But hey. At least the parliamentary Sergeant-at-Arms, Kevin Vickers, proved that his role is not merely ceremonial, even though his costume may be. Like René Jalbert many years before him, he was the one who engaged a confused, deranged gunman hellbent on wreaking terror. Unlike Jalbert, though, he couldn’t talk the shooter out of it; he ended up having to kill him. “Terrorist” crisis ended, either way.
And all this without recourse to war.
Now the PM’s security detail has modified its protocol so that they can enter the Commons chamber and protect him at all times. That’s fine; at least it doesn’t unduly curtail anyone’s civil liberties. Not so fine, however, is the legislation the government apparently passed on the same day as Martin Couture-Rouleau ran down Patrice Vincent in a fit of psychosis. We’re now facing intrusive, unconstitutional online surveillance under the pretext of “crime prevention”! Yay!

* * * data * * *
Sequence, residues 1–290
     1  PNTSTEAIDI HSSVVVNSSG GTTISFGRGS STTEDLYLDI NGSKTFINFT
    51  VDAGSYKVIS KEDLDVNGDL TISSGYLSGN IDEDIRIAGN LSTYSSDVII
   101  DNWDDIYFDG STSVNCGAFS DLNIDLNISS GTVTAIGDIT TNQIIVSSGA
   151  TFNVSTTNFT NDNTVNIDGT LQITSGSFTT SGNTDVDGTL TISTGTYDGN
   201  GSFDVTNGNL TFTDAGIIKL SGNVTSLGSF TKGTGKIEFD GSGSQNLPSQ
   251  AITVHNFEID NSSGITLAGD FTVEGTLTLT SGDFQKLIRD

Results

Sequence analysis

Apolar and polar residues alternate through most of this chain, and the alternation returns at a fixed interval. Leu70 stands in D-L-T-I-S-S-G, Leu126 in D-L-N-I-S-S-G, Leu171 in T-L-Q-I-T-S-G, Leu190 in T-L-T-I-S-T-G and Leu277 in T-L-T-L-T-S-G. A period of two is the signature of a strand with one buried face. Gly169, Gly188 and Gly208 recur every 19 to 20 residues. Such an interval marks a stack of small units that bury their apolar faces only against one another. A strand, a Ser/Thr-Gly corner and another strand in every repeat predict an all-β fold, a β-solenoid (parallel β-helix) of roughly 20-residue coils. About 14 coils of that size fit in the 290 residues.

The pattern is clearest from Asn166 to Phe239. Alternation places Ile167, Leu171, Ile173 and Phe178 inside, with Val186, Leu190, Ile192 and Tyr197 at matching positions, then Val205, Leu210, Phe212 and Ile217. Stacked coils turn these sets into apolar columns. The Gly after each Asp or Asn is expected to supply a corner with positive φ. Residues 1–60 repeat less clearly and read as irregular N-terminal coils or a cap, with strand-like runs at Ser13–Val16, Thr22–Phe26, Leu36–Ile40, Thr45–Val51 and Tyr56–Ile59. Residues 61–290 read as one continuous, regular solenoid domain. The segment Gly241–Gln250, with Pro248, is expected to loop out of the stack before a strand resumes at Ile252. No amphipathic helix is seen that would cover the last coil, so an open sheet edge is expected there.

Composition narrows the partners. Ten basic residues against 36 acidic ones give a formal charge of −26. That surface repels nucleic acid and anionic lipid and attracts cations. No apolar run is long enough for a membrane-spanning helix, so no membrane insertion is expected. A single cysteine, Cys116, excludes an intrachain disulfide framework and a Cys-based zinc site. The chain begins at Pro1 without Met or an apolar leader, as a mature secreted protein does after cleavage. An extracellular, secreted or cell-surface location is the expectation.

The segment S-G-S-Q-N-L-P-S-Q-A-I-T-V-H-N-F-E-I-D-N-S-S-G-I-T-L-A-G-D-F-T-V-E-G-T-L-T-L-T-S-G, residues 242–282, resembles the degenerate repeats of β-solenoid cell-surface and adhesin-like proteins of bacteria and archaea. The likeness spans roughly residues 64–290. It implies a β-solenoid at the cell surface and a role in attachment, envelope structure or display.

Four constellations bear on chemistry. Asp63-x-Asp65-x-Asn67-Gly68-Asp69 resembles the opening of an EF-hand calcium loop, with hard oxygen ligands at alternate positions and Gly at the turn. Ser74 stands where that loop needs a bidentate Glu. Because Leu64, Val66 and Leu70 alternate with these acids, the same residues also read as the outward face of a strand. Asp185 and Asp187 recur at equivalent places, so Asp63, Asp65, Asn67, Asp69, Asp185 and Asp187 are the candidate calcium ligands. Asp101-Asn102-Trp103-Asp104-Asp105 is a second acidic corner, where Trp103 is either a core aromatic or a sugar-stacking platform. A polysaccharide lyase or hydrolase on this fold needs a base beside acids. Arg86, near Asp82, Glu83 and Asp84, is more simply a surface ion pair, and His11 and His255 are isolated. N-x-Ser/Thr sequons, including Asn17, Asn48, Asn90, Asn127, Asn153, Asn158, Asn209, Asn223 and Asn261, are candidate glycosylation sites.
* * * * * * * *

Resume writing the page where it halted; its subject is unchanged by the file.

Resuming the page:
So, now you know. And if this is the last post you see from me, you’ll know why. I’ll have been arrested for committing the supreme terrorist act of daring to think un-conservatively and sociologically, and tying together all the things they don’t want us to understand are related. If you think Martin Couture-Rouleau and Michael Zehaf-Bibeau were crazy (and they were, alas), you ain’t seen nothin’ . My own country just totally outclassed them in the losing-one’s-shit department.
And since it’s already at war in Iraq, too, it’s also outdone them in terms of real terrorism.